overlooking his three-acre round pond he noticed the swimming platform which he had placed in the middle of the pond had come loose. It had moved to the eastern edge of the pond which was the farthest from the house. Several days later it had moved to the southern edge of the pond. The wind and the springs that fed the pond were moving it. A few days later it was sitting closest to the house. Finally, it was at the northern edge. It had touched each of the four quadrants like the hands of a clock: the 12, the 3, the 6, and the 9 and in that order. After a few days of thinking about what he had seen, Henry wondered if he could build a clock in his pond. Using his degree as a mechanical engineer and his many years of experience at AquaPort, Inc. he did it. It took him almost three years but there it was. A submerged clock with a long thin row boat as the small hand and a pair of long oars as the big one. It even had wooden white numerals around the pond. Twenty years ago I wasn’t there the day he started the clock, but the boards of the hospital and the library were. They all drank champagne as he and Gladys renamed their farm to It’s Time Farm. The clock has been delighting the invited kids from the local camps during each summer. Henry made sure to teach the kids how to tell time on an old fashioned clock as many couldn’t in this digital age. I recently held the memorial service for Henry at my Church. After the service I asked Gladys if she was still going to run the clock. She said “No. It’s time.” Amen

The Reverend Mrs. Silence DoGood Senior Pastor Executive Director President Chairman Choir Master (part-time) The First Church of God’s Love


Prison Reflections

“Fast Track to Addiction” By Terry Mooney

Part II


his young man is still trying to find his way. He seems somewhat bewildered by his life so far, but is forging ahead to maturity and attempting to find answers to how he lost his way. He is participating in programs that will help him sort things out.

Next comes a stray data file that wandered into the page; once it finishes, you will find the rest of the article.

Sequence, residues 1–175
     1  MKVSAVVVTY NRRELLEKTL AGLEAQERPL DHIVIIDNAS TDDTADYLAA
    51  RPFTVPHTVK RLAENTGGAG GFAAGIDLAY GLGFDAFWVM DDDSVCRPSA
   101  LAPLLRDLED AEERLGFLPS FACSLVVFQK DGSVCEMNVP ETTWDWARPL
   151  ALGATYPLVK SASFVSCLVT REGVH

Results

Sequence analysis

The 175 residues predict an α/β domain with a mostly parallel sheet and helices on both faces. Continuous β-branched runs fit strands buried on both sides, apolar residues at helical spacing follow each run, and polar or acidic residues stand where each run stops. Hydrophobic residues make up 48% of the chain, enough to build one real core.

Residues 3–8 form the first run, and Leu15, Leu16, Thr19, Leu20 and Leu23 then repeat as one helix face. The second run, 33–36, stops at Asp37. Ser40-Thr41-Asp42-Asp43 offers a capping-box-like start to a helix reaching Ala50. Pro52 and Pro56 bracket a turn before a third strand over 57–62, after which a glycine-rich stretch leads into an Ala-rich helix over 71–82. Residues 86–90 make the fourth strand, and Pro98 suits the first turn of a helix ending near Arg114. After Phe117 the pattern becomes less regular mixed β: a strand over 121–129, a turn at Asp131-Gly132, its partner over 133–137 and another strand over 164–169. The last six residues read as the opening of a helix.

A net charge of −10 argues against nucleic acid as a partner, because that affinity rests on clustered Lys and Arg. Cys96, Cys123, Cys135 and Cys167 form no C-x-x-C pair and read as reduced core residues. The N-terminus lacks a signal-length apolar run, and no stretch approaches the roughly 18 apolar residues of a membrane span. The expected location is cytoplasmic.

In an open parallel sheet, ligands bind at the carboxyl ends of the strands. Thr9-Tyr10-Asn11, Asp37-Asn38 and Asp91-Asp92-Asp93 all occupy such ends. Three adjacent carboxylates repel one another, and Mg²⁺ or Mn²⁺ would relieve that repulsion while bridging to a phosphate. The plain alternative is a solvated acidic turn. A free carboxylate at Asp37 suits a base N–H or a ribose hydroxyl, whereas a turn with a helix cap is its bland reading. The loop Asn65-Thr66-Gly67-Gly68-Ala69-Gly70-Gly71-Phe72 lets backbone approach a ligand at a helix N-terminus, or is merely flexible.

My Story I barely graduated from high school and immediately joined the Army. It was something I’d always wanted to do. My uncle was in the Army, and we would see him a couple of times a year at the holidays. I think the stories he told us impressed me. I didn’t want to go to college, so I figured I could travel and see different places. My first station was Jackson, South Carolina, then I went to Missouri and then from there I was in Queens, New York. So much for seeing the world! Towards the end of my contract of six years, I got into a car accident off base, rear ended on the Major Deagan Expressway. A mild concussion and two ruptured discs later, I was put on Percocet, prescribed to me for the next six months. Because it was all legal, no one had a problem with it, except for the effect it was having on me. I began to lose the drive for my dream, which was to make a career out of the military. In the seventh month, the doctor abruptly stopped the prescription. He was being investigated for overprescribing and began cutting back. Meanwhile, I had my first experience with opiate withdrawal, throwing up, fever, hot and cold flashes, sweating, restless legs, insomnia and depression, too. My brother was also taking pain killers, though recreationally, and saw me sick. He knew how bad it was and began selling me the pills. Eventually, even getting those pills became impossible since there was such a crackdown on the doctors. Welcome to heroin. Cheaper and easier to get, the high lasted longer. Incarcerated in the Pike County Correctional Facility, I’m in jail for the first time in my life. You see, I was charged with retail theft to feed my habit and put on probation which required me to submit to periodic drug testing. I came up dirty for heroin and, to my utter shock, I also came up dirty for fentanyl. Imagine being outraged that someone has added another type of poison to your poison of choice without your permission. Insane! I’ve fathered two children, both girls. I’ve lost all parental rights to the first one, who is now five years old, due to my drug use. The second child is seventeen months, and I do the Voices of Hope program offered by the jail where I read her a story and it is recorded on a CD that the jail sends her so she can hear my voice. I thought my life would be over being in jail, but then I realized I could make something good out of it. I am enrolled in the ARROW (Actively Reducing Recidivism Opens Windows) program, and I am working in the kitchen. Many retired male professionals are coming in as volunteers to help us reconstruct our lives, teaching us Money Management, Life Skills, Integrity, Parenting, Smart Recovery, to name a few. The Employment Skills program has helped me the most so far because we do mock interviews, and I will need a job when I get out. As long as I still have hope, I believe I can make something out of this.